Battered, bloodied and bruised: down but not out
Richard Leonard says when the people speak, political parties must listen
The election result was grave for Labour. Though we tried to break through the din of Brexit and the issue of a second independence referendum, we failed. And while we tried to be positive and set out what we were for and what a Labour Government would do, the general tone of the debate was negative. ‘No’ and ‘stop’ were the key words dominating the election campaign in Scotland.
After the campaign, I looked back. I joined Labour in 1982 which meant that the first general election I campaigned in, and indeed, voted in, was in the newly created Stirling constituency in 1983. It was a harsh experience, not so much for me as a young student, but for the people who had lost their jobs in the local factories which had been closed because of government economic policy, who were looking for work and looking for new hope. Harsh too, although we did not yet know just how harsh, for the people of the eastern villages: those mining communities to the east of Stirling, in the neighbouring Clackmannan constituency, who a year later were to be engaged in a brutal struggle with the government to defend their jobs, their pits and their community.
I fear that we are in for a repeat, as the failed experiment of austerity and an economic policy which is designed to serve the interests of the City of London is revived. Labour’s manifesto, if implemented, would have improved the lives of millions, from guaranteeing a decent wage, extending employment rights and union freedoms, to ending Universal Credit. With its Green industrial revolution, Labour was the first party in British political history to produce a serious and workable plan to tackle climate change. And, there was a clear promise of renewed investment in our economy, people and public services. By way of contrast, we now face a ‘hard’ Brexit and no chance whatsoever of the people being given a final say on Johnson’s tawdry deal.
Nevertheless, voters have sent a strong message to Labour and it would be a grave mistake not to listen. With defeat must come humility. This is why it is my view that instead of expecting the people of Scotland to come home to Labour, Scottish Labour must come home to them. On the doorstep, it was clear that many voters liked and supported our manifesto but doubted whether we could be trusted to implement it.
Despite repeated insistence by Corbyn, McDonnell and myself that there would be no pacts, deals or coalitions with other parties, there was a false message promoted by our opponents. Thus, many swing voters, particularly in parts of Glasgow and Lanarkshire where we won seats, and came closest to winning seats in 2017, decided they could have a Corbyn government and its policies at Westminster by voting for the SNP.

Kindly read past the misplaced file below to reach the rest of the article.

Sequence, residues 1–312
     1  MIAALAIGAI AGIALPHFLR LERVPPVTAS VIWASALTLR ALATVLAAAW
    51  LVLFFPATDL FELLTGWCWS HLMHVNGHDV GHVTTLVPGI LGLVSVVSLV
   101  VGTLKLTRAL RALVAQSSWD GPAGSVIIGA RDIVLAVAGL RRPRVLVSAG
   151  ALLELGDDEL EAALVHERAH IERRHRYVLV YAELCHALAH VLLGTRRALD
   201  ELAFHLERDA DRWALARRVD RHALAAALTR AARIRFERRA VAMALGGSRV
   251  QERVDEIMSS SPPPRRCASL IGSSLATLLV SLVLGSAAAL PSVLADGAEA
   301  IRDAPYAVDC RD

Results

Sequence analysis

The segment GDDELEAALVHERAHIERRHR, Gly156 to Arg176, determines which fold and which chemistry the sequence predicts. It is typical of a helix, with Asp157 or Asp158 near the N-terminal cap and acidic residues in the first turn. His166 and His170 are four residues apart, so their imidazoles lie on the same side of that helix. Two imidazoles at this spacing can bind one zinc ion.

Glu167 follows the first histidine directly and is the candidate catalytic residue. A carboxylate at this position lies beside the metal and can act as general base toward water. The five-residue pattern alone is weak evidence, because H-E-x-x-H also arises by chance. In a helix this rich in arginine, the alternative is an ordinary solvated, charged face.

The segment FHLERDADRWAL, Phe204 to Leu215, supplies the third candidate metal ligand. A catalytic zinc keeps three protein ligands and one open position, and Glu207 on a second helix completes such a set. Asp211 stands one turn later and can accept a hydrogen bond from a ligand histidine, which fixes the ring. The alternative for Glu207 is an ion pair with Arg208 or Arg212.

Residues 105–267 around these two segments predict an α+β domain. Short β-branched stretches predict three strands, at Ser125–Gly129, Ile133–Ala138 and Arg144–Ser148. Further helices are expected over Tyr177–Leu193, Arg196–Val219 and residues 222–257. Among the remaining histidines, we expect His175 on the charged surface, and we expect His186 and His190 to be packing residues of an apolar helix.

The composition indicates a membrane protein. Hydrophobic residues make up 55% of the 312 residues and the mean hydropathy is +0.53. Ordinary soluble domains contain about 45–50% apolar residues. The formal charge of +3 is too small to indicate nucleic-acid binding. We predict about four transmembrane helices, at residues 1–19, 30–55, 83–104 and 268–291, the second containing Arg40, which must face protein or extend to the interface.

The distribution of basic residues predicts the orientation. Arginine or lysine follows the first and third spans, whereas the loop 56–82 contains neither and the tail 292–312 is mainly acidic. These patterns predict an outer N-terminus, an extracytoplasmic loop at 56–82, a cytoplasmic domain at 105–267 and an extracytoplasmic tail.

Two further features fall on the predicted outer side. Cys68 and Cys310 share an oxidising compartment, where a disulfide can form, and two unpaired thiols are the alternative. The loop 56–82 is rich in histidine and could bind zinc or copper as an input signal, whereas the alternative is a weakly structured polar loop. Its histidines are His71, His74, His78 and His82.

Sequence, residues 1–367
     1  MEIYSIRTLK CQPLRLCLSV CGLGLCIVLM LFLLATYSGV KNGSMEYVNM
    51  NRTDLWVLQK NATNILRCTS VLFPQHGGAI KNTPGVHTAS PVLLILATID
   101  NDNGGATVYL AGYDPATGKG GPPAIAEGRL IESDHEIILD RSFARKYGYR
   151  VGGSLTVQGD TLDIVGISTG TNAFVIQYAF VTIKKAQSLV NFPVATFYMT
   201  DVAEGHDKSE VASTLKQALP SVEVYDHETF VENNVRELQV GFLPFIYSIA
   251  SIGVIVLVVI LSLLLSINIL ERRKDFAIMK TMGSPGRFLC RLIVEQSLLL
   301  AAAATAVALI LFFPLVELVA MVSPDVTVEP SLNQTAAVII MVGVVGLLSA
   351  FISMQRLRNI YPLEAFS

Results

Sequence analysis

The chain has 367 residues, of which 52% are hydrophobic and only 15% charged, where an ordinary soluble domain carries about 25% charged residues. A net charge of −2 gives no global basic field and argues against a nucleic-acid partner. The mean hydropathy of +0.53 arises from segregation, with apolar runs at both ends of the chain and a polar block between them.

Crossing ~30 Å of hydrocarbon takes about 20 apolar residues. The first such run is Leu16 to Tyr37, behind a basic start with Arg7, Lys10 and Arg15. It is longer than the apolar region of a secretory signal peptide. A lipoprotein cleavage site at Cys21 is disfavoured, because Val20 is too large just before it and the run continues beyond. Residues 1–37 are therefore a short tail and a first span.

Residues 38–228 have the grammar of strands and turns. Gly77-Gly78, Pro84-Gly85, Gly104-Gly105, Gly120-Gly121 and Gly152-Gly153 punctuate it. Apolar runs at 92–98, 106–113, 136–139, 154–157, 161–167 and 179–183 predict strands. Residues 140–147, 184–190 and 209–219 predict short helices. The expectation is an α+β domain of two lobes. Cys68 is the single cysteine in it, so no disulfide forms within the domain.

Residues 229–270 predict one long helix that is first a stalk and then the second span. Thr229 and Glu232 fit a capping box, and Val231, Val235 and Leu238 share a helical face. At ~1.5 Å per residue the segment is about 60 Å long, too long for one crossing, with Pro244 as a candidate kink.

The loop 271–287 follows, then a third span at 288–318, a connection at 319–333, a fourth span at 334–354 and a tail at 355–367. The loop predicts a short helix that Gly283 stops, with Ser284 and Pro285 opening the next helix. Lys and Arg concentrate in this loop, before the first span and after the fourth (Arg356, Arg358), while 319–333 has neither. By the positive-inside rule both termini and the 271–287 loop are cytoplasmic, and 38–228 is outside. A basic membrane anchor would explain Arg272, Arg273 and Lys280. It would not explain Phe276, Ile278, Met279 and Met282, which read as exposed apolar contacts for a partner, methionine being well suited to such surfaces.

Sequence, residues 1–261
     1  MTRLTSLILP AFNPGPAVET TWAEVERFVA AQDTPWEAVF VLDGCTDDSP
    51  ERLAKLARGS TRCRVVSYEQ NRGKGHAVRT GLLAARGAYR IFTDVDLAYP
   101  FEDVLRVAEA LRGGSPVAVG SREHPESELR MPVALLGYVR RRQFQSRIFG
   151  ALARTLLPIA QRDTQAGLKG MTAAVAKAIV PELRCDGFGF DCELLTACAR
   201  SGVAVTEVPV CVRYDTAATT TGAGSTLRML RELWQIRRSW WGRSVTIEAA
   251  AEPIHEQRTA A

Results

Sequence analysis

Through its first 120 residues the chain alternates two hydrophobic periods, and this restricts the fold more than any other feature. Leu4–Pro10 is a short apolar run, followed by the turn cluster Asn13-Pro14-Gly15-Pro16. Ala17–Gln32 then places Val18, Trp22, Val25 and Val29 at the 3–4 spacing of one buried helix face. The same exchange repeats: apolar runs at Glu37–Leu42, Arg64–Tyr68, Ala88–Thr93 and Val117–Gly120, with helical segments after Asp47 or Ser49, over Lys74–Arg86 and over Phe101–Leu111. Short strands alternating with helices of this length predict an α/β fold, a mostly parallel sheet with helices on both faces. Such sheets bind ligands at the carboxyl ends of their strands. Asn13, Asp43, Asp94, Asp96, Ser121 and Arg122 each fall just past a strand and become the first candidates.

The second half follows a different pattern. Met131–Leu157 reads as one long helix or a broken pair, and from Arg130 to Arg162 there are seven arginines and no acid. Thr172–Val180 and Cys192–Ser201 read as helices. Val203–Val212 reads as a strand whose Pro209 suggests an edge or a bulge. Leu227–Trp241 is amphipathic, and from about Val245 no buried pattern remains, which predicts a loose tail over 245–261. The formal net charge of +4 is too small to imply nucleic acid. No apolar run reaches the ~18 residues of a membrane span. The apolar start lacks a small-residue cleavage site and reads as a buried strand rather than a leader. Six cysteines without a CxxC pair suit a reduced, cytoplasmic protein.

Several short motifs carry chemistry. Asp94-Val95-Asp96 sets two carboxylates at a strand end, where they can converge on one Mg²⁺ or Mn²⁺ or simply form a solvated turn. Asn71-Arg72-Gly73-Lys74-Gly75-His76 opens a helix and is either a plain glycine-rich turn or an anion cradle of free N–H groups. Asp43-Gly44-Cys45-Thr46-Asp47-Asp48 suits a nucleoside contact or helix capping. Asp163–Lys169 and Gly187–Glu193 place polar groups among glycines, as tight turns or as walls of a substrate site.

We will conduct a swift review and one that is evidence based backed up both by the best available data, from the British Election Survey and candidate and activist feedback. But more importantly we will undertake an outward looking engagement with the people and those communities who share many of Labour’s values and who want to see real change, but who no longer look to Labour to deliver that. No one should doubt my determination to learn and, more importantly, implement lessons from this serious defeat, however uncomfortable this may be for some in Labour.
It’s clear twenty years on from devolution that the British state is too centralised. There are huge imbalances of power in the economy too. In our manifesto, we promised to set up a Constitutional Convention to decentralise power. Learning the lessons from the Scottish Constitutional Convention, we now should establish a Constitutional Convention in opposition. This could develop a blue-print which will be ready to legislate for and implement in government. And, we should be prepared to work on this with other parties and civic organisations if and where possible.
With Britain’s now imminent departure from the EU, it means we need an urgent plan for the devolution and decentralisation of repatriated powers. Exiting the EU should not bolster the centralised British state. It must mean new powers at a Scottish and local level and be backed with new demands for active regional policy and investment.
I do not believe that the answer lies in the creation of a separate Scottish state, with its separate Scottish currency, a neo-liberal economic model with worker flexicurity, and significant economic power and control resting outside Scotland. To bring about change we need democratic representation and intervention at the level where economic power lies.
We could decide to create a new political state but withdrawal from Britain would open up a significant democratic deficit in the economy. I think it would be a profound mistake. In this century, we should not be putting new borders and national boundaries up. We should be bringing them down.
By the Scottish Parliament election in 2021, the SNP will have been in power for 14 years. Its record on the NHS, public health, education, the economy, the funding of local services is coming under increased scrutiny. People can see growing evidence of under-resourced and poorly managed services, letting down pupils, patients, staff and working people.
That is why Labour needs to listen and learn. And it is also we why need to start to win again: not for our own sake but for the sake of those people and communities that need a Labour Scottish Government committed to equality, economic democracy and real change. That is the challenge that lies ahead.
Richard Leonard MSP is leader of the Scottish Labour Party